And I'll bet there are blogs written by people like you (your peers), thought leaders in your specialty, and/or employers you'd like to work for. Follow these blogs, comment regularly, and become friends with influencers in your niche. Start a search for these blogs at Technorati, then just click on the blogrolls you run into.

5. See how you stack up against the industry.

Salary calculators like Salary.com and PayScale.com take into account your education, work experience, benefits and current salary with others in the same position.

You can get a report of where you are on the spectrum of lowest to highest paid. These calculators also provide additional comparison data like salary versus cost of living, salary range at different sized companies, and salary range in different industries.

6. Keep learning.

The Internet is a boon for information seekers. And nothing gives you a leg up on the competition -- whether they're your colleague going after the same raise or another job hunter going for the same job -- like having more knowledge than them.

So take advantage of online courses from major universities.

This list at Lifehacker is a good place to start exploring free online offerings by major colleges. Here are a few of the best:

  • iTunes U - courses available for download from many sources including NPR, Standford, and MIT. And all free.
  • MIT OpenCourseware - online version of nearly all MIT courses available.
  • UC Berkeley Webcasts - lots of Berkeley lectures have been recorded and are available for viewing.

 

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Guest's picture
Guest

this is actually pretty obious to anyone who has been on the net, especially with the social networks.

and i would not suggest online universities, they are not credible no matter what they claim.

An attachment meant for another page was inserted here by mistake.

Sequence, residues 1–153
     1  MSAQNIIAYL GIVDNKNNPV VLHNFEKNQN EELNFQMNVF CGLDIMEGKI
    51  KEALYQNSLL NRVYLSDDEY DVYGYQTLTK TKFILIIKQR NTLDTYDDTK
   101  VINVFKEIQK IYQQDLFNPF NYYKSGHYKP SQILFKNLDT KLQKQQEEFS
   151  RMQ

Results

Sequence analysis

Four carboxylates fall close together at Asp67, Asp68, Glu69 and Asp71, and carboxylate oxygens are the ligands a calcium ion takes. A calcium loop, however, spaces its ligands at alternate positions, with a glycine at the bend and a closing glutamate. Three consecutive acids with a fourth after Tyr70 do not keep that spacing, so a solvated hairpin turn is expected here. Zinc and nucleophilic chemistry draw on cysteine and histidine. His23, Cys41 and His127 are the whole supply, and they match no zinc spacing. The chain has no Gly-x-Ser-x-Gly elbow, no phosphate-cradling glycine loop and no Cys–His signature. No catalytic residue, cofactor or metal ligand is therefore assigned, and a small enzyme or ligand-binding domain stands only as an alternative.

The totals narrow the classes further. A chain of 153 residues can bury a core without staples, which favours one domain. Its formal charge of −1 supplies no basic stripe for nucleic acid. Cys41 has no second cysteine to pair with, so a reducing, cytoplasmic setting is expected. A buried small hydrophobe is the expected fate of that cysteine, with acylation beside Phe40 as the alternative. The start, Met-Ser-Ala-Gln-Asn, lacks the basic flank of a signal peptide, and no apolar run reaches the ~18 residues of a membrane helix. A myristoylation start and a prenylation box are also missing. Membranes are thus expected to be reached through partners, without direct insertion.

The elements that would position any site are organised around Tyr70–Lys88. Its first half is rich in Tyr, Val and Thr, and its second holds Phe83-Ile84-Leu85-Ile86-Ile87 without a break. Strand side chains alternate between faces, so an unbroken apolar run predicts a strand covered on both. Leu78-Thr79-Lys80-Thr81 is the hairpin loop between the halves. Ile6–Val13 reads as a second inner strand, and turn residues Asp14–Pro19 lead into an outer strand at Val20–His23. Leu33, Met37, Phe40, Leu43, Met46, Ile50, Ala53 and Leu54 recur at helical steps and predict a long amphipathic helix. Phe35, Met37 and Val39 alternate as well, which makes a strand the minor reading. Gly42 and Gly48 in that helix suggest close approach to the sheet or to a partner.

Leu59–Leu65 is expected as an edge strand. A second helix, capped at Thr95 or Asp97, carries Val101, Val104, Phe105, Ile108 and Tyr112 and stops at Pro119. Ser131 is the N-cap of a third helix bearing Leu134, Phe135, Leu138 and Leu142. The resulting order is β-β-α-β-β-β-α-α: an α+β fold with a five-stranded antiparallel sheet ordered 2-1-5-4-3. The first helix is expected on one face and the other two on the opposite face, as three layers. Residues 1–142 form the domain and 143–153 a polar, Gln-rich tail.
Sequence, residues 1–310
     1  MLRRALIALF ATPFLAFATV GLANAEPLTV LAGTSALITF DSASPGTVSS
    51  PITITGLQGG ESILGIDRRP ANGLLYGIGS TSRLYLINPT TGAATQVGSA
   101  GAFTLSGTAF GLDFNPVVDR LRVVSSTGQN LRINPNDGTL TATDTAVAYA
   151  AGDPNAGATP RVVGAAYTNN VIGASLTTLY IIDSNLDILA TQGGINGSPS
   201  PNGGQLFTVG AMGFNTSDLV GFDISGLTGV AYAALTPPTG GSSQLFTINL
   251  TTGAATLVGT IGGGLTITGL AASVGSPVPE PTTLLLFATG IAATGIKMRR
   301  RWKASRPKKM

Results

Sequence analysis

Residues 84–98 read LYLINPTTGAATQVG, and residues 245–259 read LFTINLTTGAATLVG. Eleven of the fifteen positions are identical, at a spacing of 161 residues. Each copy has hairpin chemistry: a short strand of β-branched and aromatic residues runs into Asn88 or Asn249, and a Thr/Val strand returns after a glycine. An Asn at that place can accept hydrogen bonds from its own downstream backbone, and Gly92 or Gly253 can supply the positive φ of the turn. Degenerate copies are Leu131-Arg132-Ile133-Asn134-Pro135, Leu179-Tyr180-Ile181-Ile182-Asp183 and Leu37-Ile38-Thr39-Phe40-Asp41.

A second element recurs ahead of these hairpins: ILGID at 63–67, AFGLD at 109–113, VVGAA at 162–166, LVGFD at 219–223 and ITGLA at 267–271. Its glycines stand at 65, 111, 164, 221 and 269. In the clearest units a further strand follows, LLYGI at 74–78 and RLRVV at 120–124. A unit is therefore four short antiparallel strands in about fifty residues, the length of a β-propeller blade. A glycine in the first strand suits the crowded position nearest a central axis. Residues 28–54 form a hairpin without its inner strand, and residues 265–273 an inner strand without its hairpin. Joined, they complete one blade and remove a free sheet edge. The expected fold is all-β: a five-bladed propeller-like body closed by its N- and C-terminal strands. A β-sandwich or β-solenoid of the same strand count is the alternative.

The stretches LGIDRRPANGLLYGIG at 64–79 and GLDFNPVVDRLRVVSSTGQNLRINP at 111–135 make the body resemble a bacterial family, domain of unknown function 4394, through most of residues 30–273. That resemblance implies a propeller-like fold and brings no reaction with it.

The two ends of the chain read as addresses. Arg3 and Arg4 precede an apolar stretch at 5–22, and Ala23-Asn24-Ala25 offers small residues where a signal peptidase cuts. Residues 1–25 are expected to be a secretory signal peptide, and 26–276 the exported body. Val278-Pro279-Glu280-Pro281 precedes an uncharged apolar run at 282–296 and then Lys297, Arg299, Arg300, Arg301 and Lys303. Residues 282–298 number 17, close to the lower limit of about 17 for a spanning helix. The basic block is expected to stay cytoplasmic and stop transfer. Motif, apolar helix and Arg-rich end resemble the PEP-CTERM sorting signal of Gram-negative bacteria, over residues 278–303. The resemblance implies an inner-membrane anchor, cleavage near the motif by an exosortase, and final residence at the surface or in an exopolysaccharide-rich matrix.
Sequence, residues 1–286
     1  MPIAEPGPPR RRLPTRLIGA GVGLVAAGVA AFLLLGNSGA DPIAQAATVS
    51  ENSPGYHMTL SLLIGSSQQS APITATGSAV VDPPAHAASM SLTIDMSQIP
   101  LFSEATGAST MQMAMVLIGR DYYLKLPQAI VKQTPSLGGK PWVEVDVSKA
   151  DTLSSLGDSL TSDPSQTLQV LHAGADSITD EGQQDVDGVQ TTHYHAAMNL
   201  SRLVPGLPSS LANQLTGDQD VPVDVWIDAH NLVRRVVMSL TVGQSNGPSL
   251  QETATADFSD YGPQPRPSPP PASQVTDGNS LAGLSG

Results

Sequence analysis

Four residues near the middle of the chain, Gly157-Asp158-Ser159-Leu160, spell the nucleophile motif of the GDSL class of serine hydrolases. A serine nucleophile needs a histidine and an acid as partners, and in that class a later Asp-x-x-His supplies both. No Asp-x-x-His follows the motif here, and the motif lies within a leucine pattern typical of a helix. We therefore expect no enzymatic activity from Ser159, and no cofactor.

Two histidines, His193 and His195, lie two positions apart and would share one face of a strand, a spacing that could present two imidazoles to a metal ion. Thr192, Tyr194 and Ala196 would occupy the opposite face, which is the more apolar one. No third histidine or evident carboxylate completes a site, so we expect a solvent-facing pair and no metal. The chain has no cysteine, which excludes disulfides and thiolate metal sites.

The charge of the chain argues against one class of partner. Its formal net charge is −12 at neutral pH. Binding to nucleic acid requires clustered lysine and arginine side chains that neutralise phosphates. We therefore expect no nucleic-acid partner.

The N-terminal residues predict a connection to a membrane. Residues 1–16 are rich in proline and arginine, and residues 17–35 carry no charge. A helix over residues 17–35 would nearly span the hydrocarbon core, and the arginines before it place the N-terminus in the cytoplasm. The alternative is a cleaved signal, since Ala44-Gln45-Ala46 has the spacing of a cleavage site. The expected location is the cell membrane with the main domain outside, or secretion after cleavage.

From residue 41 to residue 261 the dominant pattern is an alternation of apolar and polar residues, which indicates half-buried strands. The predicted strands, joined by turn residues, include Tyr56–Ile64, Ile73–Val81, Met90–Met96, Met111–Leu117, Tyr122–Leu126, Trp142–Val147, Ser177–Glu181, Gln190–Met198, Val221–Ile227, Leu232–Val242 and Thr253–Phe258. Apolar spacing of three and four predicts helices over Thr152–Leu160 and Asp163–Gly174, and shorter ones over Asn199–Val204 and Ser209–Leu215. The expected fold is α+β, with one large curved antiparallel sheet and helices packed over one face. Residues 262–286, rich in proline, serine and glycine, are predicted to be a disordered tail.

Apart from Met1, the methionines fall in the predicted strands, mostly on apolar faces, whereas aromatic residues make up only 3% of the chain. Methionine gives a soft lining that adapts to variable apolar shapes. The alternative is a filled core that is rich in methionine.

Guest's picture
DJ

The author was referencing free course downloads from MIT, Stanford, and Berkley, not online universities.

Guest's picture
Guest

Some online universities are credible. For instance Northwestern University has online programs. I personally know someone who was given a $20K increase because of the graduate degree he received. Do your homework, everyone and do not generalize! :)

Guest's picture

That was a very useful article, I wish both of my sons had done all those things a few years ago, they would have gotten better job offers, and been more qualified.

John DeFlumeri Jr

Guest's picture
Torrey

I would not only remain on Indeed. There are also so many industry specific sites that indeed does not pull from. But in general, indeed.com is a great source.

Guest's picture
Arohan

Of course, many of the best jobs are never advertised on the job boards so networking is all the more important. Besides, internet job boards have very low success rates in landing an offer.

Guest's picture

I'd agree most with the keep learning piece. The internet is a tool that can be used to improve your skill set in a variety of ways.

I try to limit my "time-wasting" stuff on the internet and focus more on learning. There are endless tutorials you can take on software applications, and you can also just pick stuff up by surfing.

Use it to your advantage, in on your own timeframe and in the privacy of your own home. It couldn't be easier.

Guest's picture

Gary Veynerchuk comes to mind immediately, because he shuns the idea of a traditional resume. In this day and age, it's really all about building relationships with the web tools at our disposal, and keeping a live resume, as the post suggests.

Awesome and timely post for the many job-seekers out there right now.

Guest's picture

These are all excellent suggestions that may not be obvious to everyone. Kudos for compiling such a great list. Another excellent way for job seekers to move ahead of the competition is to create a professional blog. Rather than a resume that just "tells" a potential employer that you're qualified, a blog can *show* them. You can share your insight, expertise, opinions and knowledge. You can comment on industry news and show your personality as well. It takes work, but hiring managers will see that you've made that effort and have a brain behind that resume!